NYSNA and NNU now hold education programs on climate change for their members. “We’re not just here to pressure and criticize,” Losada said. “We’re also here to offer solutions.” For one, oil and coal workers should be the first ones to take new jobs in clean, sustainable energy, when that transition happens.Another solution’s been offered too: the Robin Hood Tax. Also known as a Financial Speculation Tax or Financial Transaction Tax, the Robin Hood Tax would place a tiny sales tax of less than half of 1 percent on Wall Street transactions. It's an idea that could generate $350 billion in revenue, according to estimates.
Bill Gallagher, the campaign coordinator and organizer for NNU, said this revenue can go toward addressing climate change and other effects of pollution. Treating asthma alone costs $56 billion a year. Moreover, air quality is expected to worsen—so the number of people with asthma will increase too.
On Sunday, nurses paraded through the streets, holding signs that read, “Tax Wall Street. End climate change.” Members of several different unions expressed their support for a Robin Hood Tax by sporting green hats topped with the trademark single red feather.
Losada and Sheridan-Gonzalez marched among the array of red and green. It looked like Christmas—and sounded like it too. A hand drum echoed throughout the crowd as nurses sang, “Tell me what nurses stand for! Climate justice, climate justice!”
“The connection between public health and climate can never be separated because what is bad for the planet is bad for health," Gallagher said. "Period.”
Yessenia Funes wrote this article for YES! Magazine. It's presented here as part of Climate In Our Hands, a collaboration with Truthout that focuses on the climate justice movement. Yessenia is a double major in magazine journalism and environmental studies at SUNY Plattsburgh and a freelance writer.
When more than 300,000 people filled the streets of New York City for the People’s Climate March on September 21, one thing became clear: This is an issue that speaks to young people.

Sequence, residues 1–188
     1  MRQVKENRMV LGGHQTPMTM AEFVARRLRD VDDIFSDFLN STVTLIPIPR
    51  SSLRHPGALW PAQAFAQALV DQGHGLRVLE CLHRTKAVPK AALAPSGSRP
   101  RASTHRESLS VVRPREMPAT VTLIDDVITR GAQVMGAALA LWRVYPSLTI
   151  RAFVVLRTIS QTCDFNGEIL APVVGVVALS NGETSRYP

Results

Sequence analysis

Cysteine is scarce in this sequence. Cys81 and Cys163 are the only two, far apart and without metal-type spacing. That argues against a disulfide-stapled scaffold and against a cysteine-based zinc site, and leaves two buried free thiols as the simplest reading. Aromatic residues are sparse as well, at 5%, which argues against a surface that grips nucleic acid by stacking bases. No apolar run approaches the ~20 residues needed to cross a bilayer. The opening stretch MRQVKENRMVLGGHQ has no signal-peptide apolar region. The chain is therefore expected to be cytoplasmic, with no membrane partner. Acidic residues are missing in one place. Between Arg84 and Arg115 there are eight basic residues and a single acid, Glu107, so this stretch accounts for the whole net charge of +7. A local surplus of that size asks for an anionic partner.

In many parts of the march, it seemed as if half of the people there were so-called millennials—young people born roughly between 1980 and 1998, who came of age in the early years of the 21st century.“Young people are more concerned about climate change—but older generations love their children.”
The presence of so many young people at the march symbolizes their leadership in tackling the climate crisis. This is a generation that sees itself not only as having a vision for the future and the energy to implement it, but one that will bear the brunt of climate change’s effects.
Partly because of that, millennials have a lot to say about the role of older generations in the debate about climate and justice; some expressed a desire to see more experienced activists engage more deeply with the problem, while others showed real admiration for their elders. Others still observed the differences in the way that younger and older people approach social change.
The media has accused this generation of laziness, entitlement, and solipsism. But a report by the Pew Research Center also finds that it is more ethnically diverse, educated, tolerant, and optimistic than previous ones—despite an economic recession that has profoundly limited its options.
I spoke with dozens of my fellow millennials over the course of the weekend’s events, from a day of youth-led workshops to an “art-build” in a Brooklyn warehouse and a nonviolent civil disobedience at the New York Stock Exchange.
Here is some of what they said. Their statements have been lightly edited. All photos by the author.
Kenya Strickland, 22
Alexis Johnson, 21
Kamaria Kafele, 21
Florida A&M University, Tallahassee, Florida
On the role of racial justice:
Strickland: This is a vital moment in time because the environment affects us all, and especially us because black and brown communities are greatly affected by environmental change.
So it’s important for us to be here so we can take this back to our community. To teach the people who aren’t here, to share with them our experience, and for them to see that there are people who are fighting for a change. We just have that responsibility as black college students to speak to our people and educate them about what’s going on.
Johnson: But this group came out of a university of thousands—and there’s only 23 of us here. It is important, but they don’t see it. So that’s why we’re here also: to show them that it’s an important cause, even for teenagers, adolescents, toddlers. Everyone.
On the role of older generations:
Johnson: Older generations, I’m not saying they gave up, but they expected us to take up the cause, to make the difference. I don’t want to categorize them all as a whole, but I feel like they almost don’t care anymore. And I may be wrong, but that’s how I feel.